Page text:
I think my child is self-harming – how can I help?

Posted on 06 October 2020

If you think your child may be self-harming, you’re likely feeling a mix of confusing emotions; you might be worried for your child’s safety and wanting to help them, but also angry they would want to hurt themselves, and maybe also feeling guilty because you don’t know what could possibly have made them so upset. You’re not alone in feeling this way, but there are things you can do as a parent to support your child and find them the help that they need. 

In this post, we’ll discuss some of the most pressing questions from parents.

Q: How do I know if my child is self-harming?

A: There are numerous potential signs that a person might be engaging in self-harm, but here’s a list of some of the most common ones we run across: 

  • Constantly wearing long sleeves, even in hot weather
  • Their eating patterns are different from what they would usually be (for example, not getting food at lunchtime).
  • Bandages or plasters, either on their body, in their bedroom or school bag 
  • Unexplained cuts or bruises on their body
  • Being less communicative/responsive than usual
  • Feeling tired all the time, or not sleeping
  • Using very negative language about themselves
  • Expressing feelings of failure, uselessness or hopelessness
  • Looking physically anxious
  • Skipping classes or other commitments
  • Becoming evasive or dismissive when you ask how they are
  • Engaging in harmful behaviours like smoking, or drinking
  • Isolating themselves – distancing themselves from friends or family
  • Being more aggressive or argumentative than usual
  • Lack of interest in things they were once passionate about
  • They’ve gone through a big and/or traumatic life event

 

Q: How do I talk about what I’m noticing with my child? 

A: Often, our immediate reaction can be to focus on their injuries, or to try to make them feel better by explaining away their feelings, unconsciously diminishing them in our effort to make them less worrisome. Regardless of your intentions, actions like these can make your child lose trust in you, and make them less likely to confide in you about their feelings and worries. The most important thing you can do is validate your child’s feelings and experiences. When your child shares something with you, even something small, like a concern that they aren’t good enough at something, they are putting a huge amount of trust in you to respect their feelings. When this happens, try to:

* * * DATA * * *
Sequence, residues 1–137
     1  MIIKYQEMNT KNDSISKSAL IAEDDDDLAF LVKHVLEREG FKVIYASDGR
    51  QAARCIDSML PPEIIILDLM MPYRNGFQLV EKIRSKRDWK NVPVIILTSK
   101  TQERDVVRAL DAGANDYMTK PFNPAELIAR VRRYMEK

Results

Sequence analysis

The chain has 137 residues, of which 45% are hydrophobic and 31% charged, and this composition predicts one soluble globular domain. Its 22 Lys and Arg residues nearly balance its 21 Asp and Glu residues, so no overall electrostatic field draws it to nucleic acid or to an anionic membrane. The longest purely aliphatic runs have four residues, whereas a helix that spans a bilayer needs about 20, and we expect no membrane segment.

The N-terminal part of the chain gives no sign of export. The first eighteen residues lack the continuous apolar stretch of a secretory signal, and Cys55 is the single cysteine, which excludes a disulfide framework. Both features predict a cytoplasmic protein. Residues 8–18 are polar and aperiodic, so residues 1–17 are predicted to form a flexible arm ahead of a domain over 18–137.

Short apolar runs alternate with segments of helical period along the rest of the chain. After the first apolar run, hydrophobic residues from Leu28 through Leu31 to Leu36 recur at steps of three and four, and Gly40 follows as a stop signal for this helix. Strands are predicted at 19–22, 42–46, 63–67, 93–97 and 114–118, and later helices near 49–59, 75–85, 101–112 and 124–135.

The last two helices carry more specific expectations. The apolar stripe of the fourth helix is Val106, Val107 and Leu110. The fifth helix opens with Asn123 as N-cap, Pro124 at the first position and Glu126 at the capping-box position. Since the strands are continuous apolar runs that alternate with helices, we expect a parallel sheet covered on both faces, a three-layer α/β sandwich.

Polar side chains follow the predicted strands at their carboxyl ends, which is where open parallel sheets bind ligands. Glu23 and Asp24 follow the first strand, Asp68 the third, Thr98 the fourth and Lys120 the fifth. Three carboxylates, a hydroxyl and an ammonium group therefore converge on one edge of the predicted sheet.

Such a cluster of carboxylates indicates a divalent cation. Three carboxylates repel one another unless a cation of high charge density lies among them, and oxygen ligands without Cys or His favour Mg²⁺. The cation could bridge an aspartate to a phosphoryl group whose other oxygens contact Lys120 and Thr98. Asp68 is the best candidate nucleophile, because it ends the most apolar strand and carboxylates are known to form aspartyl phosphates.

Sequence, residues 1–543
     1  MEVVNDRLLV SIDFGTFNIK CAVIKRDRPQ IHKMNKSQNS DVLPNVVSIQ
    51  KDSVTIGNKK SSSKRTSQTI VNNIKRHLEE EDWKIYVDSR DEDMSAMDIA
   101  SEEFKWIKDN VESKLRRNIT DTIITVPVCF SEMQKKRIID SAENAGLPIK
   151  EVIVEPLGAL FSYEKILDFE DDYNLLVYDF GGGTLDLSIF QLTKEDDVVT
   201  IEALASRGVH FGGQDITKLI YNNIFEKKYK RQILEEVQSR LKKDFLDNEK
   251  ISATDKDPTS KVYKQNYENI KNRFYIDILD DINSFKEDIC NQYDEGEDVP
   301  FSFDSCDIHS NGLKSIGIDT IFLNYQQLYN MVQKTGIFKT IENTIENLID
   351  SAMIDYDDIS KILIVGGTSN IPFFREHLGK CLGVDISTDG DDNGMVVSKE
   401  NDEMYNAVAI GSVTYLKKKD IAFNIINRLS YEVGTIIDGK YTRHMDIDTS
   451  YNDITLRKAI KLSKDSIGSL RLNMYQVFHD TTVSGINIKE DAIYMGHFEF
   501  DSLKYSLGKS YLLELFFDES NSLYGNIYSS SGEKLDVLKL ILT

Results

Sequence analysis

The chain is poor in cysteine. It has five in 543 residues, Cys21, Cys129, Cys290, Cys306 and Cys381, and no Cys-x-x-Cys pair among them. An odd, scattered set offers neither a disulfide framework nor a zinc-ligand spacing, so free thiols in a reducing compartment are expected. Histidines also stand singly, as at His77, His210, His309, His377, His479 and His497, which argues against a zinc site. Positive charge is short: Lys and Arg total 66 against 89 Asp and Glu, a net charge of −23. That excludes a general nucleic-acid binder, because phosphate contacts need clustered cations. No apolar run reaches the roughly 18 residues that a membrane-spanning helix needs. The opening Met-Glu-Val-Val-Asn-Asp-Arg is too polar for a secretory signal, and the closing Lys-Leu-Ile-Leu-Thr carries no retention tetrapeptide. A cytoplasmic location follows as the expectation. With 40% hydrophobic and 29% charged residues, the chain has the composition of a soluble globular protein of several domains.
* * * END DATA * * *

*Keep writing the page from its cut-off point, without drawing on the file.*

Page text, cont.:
• Take a breath, and just listen
  • Let them say all they need to say, don’t interrupt, even to reassure them 
  • Express your desire to understand what they are feeling 
  • Avoid ‘you should’ statements — instead, focus on making sure they know you’re listening without judgement, and that you want to help

It’s likely the first time your child opens up to you won’t be a massive revelation, but it can be an opportunity to lay the foundation for trust and communication moving forward. You don’t have to be sure your child is self-harming to start the conversation, because the conversation should focus on how they are feeling, rather than on their injuries. 

We also understand that starting that conversation can be difficult for both parties, so here are some potential conversation starters and things to consider (remember, it doesn’t have to be a huge scary conversation, just something that lets them know you care):   

 

How are you feeling today?

I’ve noticed you [insert unusual behavior you’ve seen/haven’t been quite yourself], do you want to talk about anything?

I’ve noticed you’ve [insert observation here], and we don’t have to talk about it if you don’t want to, but I want you to know I’m not angry, I won’t judge you, and I will be here to help you when you feel comfortable sharing with me.

Are you feeling up to talking right now? (make sure it’s a good time for them)

Let them know they can write things down, as sometimes it’s hard to talk about such intense feelings

Let them know you just want to make sure they’re safe

 

 

Sometimes, just letting your child know that you’ve noticed something different going on with them, but you’re not angry — you just want to be there to support them — can be the encouragement they need to open up about what’s troubling them. The most important thing is to approach the conversation with an open mind; you don’t know or understand what’s going on in their head, but you’re there to support them, without judgement

Notice with all of the above we focused on the person, not the injuries? That’s perhaps the most important bit. Self-harm is something they DO, but it’s just one small part of the bigger picture.

Q: Is there anything I shouldn’t say?

A: While there are no set rules for this kind of thing, there are some lines of questioning that can do more harm than good, which we’ll discuss below: 

Anger:

It’s normal to feel angry in situations like these, because no one wants to believe that their child would willingly hurt themselves. However, self-harm is a coping strategy, not the real problem, so focusing your anger on your child’s injuries, or the fact that they are engaging in self-harm at all, can make them feel ashamed of their actions and their feelings, and can make them less-likely to be honest about their struggles in the future.

 

Shock or surprise:

Try to keep a level head as best you can, as appearing shocked can make your child feel abnormal when all they likely want to do is fit in. Show your concern, but remember that talking about self-harm is a big step — when in doubt, just listen.

 

 

Don’t take away utensils:

While your first reaction might be to take away the thing your child uses to self-harm, this can simply make your child go looking for other, potentially more harmful ways of coping. Not to mention, it won’t make them trust you any more than they already do. Remember, they’re using self-harm to cope, and taking that coping strategy away leaves them completely vulnerable to the issues they’re dealing with.
There are, of course, exceptions to this; if you feel your child may be a danger to others, then it may be safest to remove the equipment they’re using. Alternatively, you could offer to your child that, when they feel ready, they could give their equipment to you to dispose of, either when they’re ready to stop self-harming or if they want your help in using more positive coping strategies.